The Complete Magazine on Open Source

D-Wave brings quantum computing to open source world

/ 2616 0

Quantum computing

Quantum computing is still a concept for many. But D-Wave Systems, a company known for developing solutions for quantum physics, has released the code of its quantum software tool.

Called Qbsolv, the open source tool is designed to build high-level tools and applications based on quantum computing systems. The latest development is aimed to abandon the needs for any complex physics of quantum computers. It also brings faster experiences for larger and more complex problems.

“By making our tools open source, we expand the community of people working to solve meaningful problems using quantum computers,” said Bo Ewald, president of D-Wave International, in a statement.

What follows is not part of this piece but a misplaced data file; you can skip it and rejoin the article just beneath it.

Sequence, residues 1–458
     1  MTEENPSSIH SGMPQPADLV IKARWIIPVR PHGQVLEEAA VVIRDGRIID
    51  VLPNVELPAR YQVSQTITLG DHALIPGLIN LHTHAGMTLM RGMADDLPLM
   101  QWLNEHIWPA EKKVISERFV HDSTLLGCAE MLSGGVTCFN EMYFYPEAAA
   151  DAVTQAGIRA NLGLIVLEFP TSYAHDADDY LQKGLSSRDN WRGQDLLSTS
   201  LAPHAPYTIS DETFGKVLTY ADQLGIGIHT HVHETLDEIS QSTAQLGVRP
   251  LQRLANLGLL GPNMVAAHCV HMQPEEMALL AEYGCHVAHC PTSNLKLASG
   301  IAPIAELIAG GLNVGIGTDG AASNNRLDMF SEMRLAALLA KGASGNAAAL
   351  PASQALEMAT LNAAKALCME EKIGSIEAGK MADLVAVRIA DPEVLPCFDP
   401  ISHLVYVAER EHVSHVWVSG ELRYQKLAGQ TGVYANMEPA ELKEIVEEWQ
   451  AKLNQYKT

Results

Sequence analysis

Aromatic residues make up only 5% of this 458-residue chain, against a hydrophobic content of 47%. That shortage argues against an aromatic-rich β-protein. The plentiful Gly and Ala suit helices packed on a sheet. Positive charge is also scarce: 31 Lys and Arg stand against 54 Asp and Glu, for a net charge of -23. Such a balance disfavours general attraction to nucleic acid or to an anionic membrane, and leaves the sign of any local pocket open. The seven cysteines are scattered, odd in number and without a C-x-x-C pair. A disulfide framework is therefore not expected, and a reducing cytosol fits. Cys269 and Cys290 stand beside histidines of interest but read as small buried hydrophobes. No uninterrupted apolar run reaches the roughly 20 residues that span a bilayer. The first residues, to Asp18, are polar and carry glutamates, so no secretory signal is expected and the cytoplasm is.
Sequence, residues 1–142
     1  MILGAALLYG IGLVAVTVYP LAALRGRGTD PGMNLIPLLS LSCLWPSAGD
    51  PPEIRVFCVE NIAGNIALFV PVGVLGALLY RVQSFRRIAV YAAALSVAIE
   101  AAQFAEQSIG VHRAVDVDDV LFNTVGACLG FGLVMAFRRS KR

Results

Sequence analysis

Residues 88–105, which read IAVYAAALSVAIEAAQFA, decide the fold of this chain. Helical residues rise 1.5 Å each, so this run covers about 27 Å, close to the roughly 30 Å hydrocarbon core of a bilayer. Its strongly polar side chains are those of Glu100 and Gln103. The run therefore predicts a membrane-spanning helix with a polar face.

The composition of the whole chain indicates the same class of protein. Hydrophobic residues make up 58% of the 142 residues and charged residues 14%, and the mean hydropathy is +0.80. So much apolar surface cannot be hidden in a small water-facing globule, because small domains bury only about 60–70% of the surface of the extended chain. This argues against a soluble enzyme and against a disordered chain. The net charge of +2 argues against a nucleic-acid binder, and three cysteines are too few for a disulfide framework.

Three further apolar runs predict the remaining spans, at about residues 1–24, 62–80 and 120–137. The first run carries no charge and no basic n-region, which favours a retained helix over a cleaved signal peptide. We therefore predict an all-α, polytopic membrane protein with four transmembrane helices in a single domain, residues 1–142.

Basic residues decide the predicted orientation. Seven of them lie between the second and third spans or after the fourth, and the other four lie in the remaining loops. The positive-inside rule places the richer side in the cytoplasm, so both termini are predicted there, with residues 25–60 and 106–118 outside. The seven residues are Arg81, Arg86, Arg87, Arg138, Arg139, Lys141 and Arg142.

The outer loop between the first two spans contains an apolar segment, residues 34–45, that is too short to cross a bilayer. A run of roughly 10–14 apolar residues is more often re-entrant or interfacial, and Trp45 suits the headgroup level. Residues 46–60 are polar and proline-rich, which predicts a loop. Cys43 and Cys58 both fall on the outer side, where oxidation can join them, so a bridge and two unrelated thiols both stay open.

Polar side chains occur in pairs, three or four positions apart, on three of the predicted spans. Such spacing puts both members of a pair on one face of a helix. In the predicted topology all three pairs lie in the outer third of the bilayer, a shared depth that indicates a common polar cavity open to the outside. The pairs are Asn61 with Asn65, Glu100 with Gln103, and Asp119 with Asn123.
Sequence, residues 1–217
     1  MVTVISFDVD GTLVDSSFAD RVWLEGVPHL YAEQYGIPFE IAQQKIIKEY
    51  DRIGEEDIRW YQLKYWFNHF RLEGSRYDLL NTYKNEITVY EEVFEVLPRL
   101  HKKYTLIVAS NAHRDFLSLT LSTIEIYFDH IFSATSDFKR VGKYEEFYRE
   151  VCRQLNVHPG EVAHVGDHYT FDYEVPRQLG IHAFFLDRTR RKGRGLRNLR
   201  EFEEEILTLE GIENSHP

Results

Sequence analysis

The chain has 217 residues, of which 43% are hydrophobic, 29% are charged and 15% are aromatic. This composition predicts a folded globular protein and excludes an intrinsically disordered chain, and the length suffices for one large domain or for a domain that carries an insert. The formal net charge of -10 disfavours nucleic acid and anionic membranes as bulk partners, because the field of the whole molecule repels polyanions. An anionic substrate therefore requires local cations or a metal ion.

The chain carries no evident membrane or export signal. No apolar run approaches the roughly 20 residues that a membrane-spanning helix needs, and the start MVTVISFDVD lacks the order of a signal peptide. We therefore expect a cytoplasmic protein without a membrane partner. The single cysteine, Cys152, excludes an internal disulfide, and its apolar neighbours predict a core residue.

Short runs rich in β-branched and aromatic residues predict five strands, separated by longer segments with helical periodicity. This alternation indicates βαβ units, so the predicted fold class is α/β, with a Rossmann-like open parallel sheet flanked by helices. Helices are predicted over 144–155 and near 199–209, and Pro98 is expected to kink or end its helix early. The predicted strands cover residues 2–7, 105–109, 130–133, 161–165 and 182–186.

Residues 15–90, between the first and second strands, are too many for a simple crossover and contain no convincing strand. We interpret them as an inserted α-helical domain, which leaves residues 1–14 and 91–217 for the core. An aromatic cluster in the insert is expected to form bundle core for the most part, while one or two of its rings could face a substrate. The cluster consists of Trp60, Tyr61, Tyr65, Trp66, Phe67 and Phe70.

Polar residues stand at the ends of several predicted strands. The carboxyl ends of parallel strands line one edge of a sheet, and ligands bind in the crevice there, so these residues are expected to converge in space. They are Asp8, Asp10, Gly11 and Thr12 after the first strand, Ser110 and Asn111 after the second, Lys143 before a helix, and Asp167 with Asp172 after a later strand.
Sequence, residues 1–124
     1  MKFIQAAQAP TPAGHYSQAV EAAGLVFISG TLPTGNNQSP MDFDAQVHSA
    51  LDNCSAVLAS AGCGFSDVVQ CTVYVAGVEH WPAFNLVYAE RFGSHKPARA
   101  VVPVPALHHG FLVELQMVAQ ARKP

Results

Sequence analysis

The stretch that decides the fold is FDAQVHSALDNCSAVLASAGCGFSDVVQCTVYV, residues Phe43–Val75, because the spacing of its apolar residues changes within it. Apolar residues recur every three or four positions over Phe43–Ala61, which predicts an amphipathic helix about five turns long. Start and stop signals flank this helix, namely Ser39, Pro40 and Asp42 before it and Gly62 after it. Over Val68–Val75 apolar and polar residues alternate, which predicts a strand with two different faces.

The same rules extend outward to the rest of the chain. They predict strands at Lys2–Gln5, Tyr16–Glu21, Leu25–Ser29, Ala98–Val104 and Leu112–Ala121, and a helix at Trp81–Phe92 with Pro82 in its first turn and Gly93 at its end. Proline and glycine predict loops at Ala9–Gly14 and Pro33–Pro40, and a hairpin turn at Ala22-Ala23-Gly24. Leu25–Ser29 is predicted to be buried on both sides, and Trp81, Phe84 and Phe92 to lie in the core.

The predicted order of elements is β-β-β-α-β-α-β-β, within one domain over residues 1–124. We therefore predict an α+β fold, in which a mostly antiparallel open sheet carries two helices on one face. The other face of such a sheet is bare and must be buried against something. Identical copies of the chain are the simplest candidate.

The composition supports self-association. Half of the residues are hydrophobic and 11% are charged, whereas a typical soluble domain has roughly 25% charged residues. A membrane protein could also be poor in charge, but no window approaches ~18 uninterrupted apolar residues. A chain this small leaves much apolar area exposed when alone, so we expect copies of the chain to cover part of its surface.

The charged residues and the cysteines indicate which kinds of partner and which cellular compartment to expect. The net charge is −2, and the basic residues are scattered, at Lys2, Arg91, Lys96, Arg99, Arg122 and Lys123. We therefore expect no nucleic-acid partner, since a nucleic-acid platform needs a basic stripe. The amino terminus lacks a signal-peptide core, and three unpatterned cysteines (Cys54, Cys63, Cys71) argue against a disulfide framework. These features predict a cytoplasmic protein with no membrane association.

Canada-based D-Wave is trying to join the initiative of building an ecosystem of open source software in the quantum computing space by releasing the code of its Qbsolv. The tool is already being used for breaking down complex problems into smaller segments. These parts can be run on D-Wave’s quantum processor and can be combined to figure out overall solutions.

Well-known for solving large optimisation problems

Furthermore, Qbsolv is already a well-known offering for its capabilities to solve large optimisation problems. D-Wave claims that the tool helps users solve 20-times larger problems.

“Qbsolv opens a world of possibility for developers,” said Fred Glover, the inventor of the tabu search solver and an active quantum computing supporter. “We are looking forward to implementing new hybrid quantum/classical algorithms working with D-Wave’s Qbsolv developers.”

The D-Wave team has built the Qbsolv in a quadratic unconstrained binary optimisation (QUBO) format for better understanding. This QUBO form is quite being used with classical computing to solve various application development issues.

You can find the code and documentation of Qbsolv from a GitHub repository. It allows easy development of applications for the initial set of quantum computing models.